ATLANTA — A pair of Georgia Senate leaders promised to continue efforts to enact a prosecutor oversight commission after a recent decision by Georgia justices put the commission with little room to maneuver, causing lawmakers to adjust their approach to enacting the oversight body.
In November, the Georgia Supreme Court declined to decide what rules the Prosecuting Attorneys Qualifications Commission could operate under, effectively putting the commission itself on hiatus due to how lawmakers created the body.
As previously reported by Channel 2 Action News, the justices said they lacked jurisdictional power to decide how the commission could proceed, due to the state’s constitutional separation of powers. Justices said that, in the legislators’ own writing, they could not decide because the legislation required judicial approval of rules for the commission to operate.
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The Georgia Supreme Court said they were unable to decide if those rules were able to be approved, saying “Because we are under no legal directive to take action, the most prudent course for us is to decline to take action without conclusively deciding any constitutional question,” the court said in its decision.
Now, Sens. Randy Roberts, (R-Cataula), and John F. Kennedy, (R-Macon), have filed new legislation to address the court’s decision about the standards.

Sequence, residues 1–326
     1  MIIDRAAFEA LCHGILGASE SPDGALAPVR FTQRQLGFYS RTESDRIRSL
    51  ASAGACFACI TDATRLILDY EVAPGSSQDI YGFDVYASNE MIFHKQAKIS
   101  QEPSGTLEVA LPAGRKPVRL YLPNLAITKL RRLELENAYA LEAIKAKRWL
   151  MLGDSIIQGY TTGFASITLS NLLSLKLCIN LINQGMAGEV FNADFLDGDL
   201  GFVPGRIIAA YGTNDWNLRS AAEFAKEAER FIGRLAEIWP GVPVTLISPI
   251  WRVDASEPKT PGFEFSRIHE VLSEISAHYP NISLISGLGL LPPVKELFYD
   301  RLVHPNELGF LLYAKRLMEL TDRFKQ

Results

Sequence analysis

According to a release from the two senators, they filed the bill for the coming legislative session to follow similar rules for other state commissions, with the home that the “simple remedy will allow the Commission to commence its important work.”
The PAQC was created by Senate Bill 92, which was signed into law in May 2023 by Gov. Brian Kemp.
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According to its supporters, the bill is intended to ensure accountability for what some call “rogue prosecutors.”
“We have seen theatrics take hold in Georgia over the safety and welfare of our communities as some prosecutors promise ‘reform’ and then deliver nothing but ineffectiveness and blatant disregard of the law,” Robertson, the chief sponsor of SB 92, said in a statement. “Most of the state’s prosecutors follow the law, adhere to their duties, and their communities remain safe and prosperous, and those individuals should be celebrated. On the other hand, you have a few rogue prosecutors that refuse to prosecute violent criminals, lead defunct and understaffed offices, and impose blanket policies for non-prosecution of crimes.”
Several Georgia district attorneys have sued to block the legislation and commission, including some from the metro Atlanta area, and not restricted to political party lines.
Channel 2 Action News has previously reported that the plaintiffs in the lawsuit include three Democrats and one Republican. Jonathan Adams, the Republican district attorney for Butts, Lamar and Monroe counties, opposes the legislation, saying it strips prosecutors of their discretion and independence.
“Although I may disagree with the D.A.’s decisions in other communities, I believe it’s their right to make those decisions and to represent their communities and constituents,” Adams said previously.
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